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Cell phone calls on the subway get cut off by closing doors? Really?

Even if the signal didn't die at that point, I kept wondering why he kept calling, and not texting. I mean, on the one hand, if they're hammering home the "he's not young" angle, it makes sense. On the other hand, apparently SMS needs less signal than voice, so if he had low reception, a text would be more likely to go through.

 

 

Henry, an upper crusty Englishman, raised Abraham from infancy.  They've lived all over the world, presumably.  So, why does he have the speech pattern, accent, and slang ("a little nosh") of a Jewish New Yorker?

Based on some of the other flashbacks, I got the impression Henry and wife had basically been in NY since after war, possibly Henry was before too, given some of his mentions of how the city looked in certain years? I think? So, I've been assuming they did not live all over the world, that that was part of the cover story, but possibly they were actually in New York quite a bit? So that explains Abe's New Yorkishness to me.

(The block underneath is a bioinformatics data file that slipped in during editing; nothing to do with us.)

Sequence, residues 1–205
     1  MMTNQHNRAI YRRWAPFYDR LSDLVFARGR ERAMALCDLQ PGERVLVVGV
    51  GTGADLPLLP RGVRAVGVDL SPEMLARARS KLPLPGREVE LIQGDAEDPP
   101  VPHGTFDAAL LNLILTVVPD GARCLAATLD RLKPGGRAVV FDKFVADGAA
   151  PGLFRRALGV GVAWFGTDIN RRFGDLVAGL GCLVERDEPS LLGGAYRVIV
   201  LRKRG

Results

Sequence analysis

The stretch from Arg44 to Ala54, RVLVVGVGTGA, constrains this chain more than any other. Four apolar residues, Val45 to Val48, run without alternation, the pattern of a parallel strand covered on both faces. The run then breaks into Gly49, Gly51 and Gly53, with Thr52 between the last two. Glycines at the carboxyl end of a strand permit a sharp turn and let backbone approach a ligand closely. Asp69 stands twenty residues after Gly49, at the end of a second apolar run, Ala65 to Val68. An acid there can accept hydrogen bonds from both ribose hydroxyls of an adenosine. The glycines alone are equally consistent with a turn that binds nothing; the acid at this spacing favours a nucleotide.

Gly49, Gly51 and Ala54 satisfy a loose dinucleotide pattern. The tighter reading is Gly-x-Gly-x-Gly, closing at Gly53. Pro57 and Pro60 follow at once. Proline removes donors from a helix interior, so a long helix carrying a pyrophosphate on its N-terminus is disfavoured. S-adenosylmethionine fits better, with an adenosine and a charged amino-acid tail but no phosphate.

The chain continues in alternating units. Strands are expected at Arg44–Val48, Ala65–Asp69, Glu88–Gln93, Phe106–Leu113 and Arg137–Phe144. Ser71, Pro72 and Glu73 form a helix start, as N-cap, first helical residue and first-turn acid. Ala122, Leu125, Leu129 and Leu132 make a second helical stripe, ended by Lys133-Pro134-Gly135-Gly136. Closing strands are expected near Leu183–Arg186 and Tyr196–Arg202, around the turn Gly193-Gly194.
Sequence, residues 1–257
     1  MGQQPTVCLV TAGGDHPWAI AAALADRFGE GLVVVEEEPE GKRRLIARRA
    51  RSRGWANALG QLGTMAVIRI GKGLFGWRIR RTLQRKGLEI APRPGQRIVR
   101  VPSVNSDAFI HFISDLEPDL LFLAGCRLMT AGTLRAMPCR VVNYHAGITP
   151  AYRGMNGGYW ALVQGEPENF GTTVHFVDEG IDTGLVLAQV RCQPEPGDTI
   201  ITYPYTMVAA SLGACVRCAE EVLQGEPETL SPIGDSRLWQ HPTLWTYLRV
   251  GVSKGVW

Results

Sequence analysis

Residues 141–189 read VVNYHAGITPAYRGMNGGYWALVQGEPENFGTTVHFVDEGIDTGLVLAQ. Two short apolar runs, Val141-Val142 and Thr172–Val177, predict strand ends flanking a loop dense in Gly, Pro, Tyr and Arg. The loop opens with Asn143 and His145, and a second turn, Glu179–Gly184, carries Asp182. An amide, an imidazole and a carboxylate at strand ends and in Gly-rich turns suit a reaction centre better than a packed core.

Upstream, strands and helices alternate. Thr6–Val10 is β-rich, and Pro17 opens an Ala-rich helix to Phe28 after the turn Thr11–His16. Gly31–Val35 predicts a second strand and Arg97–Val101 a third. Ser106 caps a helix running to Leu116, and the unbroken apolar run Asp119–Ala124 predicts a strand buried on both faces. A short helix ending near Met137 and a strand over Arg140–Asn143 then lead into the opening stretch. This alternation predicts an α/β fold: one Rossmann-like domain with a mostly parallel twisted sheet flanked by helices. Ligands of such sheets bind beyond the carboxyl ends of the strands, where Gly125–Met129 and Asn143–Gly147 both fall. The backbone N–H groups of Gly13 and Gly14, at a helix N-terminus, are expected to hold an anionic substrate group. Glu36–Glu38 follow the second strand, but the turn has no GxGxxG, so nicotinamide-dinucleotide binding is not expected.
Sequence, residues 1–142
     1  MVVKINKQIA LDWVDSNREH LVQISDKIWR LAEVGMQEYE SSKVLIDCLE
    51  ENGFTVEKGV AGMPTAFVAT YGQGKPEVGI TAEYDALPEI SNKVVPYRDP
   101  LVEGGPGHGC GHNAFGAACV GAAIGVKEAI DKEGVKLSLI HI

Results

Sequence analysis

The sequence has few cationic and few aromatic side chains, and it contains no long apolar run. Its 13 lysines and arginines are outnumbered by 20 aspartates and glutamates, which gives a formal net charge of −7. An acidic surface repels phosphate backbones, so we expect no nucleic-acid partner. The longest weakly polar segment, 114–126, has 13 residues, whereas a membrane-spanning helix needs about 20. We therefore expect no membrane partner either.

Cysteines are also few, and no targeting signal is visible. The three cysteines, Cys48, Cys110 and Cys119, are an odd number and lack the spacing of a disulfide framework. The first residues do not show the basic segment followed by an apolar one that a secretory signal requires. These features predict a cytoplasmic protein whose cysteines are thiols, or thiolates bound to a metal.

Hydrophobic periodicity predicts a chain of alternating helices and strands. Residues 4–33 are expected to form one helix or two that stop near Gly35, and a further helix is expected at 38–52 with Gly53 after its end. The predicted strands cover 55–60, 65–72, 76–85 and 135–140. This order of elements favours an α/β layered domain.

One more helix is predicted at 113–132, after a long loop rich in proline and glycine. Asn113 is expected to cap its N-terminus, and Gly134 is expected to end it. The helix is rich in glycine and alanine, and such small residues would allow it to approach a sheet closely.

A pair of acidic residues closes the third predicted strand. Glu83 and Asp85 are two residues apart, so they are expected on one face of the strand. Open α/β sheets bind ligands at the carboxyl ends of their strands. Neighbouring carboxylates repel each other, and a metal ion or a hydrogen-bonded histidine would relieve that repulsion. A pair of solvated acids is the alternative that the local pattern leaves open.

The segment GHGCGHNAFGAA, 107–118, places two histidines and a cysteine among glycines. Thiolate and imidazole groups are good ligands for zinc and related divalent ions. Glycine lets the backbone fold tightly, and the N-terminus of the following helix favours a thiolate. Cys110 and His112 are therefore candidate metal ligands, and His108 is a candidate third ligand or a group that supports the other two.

Has Henry ever called Abe "son"? if not why not? instead Abe seems to be the father figure in this show... yeah he looks older but he really isn't

Not that I recall. As for why not, I'm assuming they figure they get better emotional tension out of it (plus minor mystery aspect) by showing us all the paternal subtext without him saying it directly. That said, Abe called himself "a doctor's son" in this episode. So, Henry hasn't called him "son" but he basically called himself Henry's son. Unless there's going to be something mysterious they reveal later wherein that remark is not a reference to Henry.

Edited by theatremouse